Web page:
Hazmat means hazardous materials or a material that’s radioactive, flammable, explosive or poisonous.
In the beginning, transporting these materials didn’t have added regulations on it – they just transported ordnance and other materials as needed. For over 100 years, the US congress has regulated hazardous materials transportation in interstate commerce.
Under this act, hazardous materials transportation intermodal informational gathering and dissemination became more stringent and required the Department of Transportation to make annual reports on such activities of all cooperating agencies. Investigations after the terrorist events uncovered some, possibly associated with the attacks, received licenses to transport hazardous materials.
In this new act, states are prohibited to issue licenses to transport hazardous materials until the Secretary of Transportation has first determined that the person doesn’t pose a security risk. When it comes to transporting materials of a hazardous nature, it’s important to know each and every regulation to ensure compliance and safety.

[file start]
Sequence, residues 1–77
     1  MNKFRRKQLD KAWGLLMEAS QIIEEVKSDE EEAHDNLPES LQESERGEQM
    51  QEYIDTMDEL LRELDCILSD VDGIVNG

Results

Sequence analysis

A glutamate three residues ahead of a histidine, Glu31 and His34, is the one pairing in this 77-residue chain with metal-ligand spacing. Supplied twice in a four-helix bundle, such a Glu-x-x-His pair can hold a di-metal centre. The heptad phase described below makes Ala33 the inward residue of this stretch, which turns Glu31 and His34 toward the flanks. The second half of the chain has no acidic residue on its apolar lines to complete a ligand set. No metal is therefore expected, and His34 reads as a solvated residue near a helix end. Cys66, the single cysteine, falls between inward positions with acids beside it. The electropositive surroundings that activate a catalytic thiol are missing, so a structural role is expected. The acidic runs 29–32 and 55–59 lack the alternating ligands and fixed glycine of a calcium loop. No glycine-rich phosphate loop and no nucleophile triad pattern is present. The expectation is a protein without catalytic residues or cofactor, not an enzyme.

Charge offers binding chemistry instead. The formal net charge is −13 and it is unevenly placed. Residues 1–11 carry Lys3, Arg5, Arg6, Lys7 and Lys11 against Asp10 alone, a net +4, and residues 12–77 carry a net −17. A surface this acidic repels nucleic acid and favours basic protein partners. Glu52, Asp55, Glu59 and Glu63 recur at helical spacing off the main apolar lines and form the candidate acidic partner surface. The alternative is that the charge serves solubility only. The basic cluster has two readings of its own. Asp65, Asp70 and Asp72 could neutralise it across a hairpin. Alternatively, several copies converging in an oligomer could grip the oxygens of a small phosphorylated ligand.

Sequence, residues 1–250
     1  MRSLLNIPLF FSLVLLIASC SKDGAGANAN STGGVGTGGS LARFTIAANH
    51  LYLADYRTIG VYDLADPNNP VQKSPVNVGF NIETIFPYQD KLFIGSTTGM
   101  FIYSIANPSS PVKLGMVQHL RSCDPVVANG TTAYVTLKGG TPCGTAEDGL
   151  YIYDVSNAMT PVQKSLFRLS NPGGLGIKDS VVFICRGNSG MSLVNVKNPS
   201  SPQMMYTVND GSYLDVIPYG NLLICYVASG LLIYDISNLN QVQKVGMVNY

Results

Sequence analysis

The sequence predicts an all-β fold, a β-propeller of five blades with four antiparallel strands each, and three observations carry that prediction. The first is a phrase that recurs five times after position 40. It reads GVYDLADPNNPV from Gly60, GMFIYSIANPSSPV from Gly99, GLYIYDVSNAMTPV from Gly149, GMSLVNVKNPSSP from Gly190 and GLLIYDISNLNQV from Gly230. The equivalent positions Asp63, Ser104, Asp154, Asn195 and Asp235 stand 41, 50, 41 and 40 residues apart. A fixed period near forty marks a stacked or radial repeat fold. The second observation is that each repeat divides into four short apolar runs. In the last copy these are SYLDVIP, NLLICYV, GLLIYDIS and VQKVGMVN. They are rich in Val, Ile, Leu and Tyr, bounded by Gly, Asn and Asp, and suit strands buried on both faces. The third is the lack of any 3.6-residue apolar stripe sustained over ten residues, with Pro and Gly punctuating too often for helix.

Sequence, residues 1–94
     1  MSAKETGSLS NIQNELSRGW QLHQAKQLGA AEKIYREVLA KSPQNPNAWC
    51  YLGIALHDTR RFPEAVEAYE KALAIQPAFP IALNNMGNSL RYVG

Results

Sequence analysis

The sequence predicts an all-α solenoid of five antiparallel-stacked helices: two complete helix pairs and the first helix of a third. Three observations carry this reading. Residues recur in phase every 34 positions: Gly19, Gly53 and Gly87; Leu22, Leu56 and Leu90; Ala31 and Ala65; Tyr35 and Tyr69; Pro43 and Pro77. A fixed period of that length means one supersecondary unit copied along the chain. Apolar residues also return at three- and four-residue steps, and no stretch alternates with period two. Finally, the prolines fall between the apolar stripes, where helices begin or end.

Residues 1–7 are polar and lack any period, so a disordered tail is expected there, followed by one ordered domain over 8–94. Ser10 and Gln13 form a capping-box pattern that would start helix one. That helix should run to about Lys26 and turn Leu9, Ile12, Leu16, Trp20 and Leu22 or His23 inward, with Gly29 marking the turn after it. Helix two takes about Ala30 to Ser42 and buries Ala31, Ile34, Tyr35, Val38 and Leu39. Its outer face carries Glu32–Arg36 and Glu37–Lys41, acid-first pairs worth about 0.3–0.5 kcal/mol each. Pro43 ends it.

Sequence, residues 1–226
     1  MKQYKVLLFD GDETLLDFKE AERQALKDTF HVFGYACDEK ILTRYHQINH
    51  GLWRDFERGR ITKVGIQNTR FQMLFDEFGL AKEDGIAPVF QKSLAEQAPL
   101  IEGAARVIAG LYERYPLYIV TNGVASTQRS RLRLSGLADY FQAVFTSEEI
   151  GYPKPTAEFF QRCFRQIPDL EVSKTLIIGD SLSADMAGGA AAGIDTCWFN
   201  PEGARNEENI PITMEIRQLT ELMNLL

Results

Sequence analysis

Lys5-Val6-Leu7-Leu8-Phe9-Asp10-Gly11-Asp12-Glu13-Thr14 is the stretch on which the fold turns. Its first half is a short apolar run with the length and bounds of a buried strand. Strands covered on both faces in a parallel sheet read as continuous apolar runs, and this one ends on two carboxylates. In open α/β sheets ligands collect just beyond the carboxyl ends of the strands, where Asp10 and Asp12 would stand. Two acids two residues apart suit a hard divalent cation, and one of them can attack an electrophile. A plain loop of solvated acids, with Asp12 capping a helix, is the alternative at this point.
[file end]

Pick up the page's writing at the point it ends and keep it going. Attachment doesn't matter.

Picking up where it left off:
With hazmat transportation regulations continuously changing, it is necessary to have a partner to help you.
If you don’t comply with hazmat transportation regulations, you could endanger others or the environment and face punishment. These types of materials would be a hazard to life or to the environment if released without taking necessary precautions. With the growing rate of transport of goods, it was only a matter of time that hazardous materials would need regulation.
Then, in 1909, Congress decided to expand hazmat transportation regulations to shipments over land and over air, in 1958. This, in turn, caused Washington to enact the Hazardous Material in Transportation Protection Act of 2001. To effectively transport these types of materials, you first need to understand the regulations and how they came to be.

That was until 1970, when piecemeal gave way to various forms of federal regulation, divided among a number of federal agencies. This act included further regulations to protect life, property and the environment from risks involved with transporting hazardous materials.
They understand and comply with all regulations to ensure your shipment is there on time and within federal guidelines.
Thus, in 1970, Congress and the President signed the Hazardous Material Transportation Control Act.

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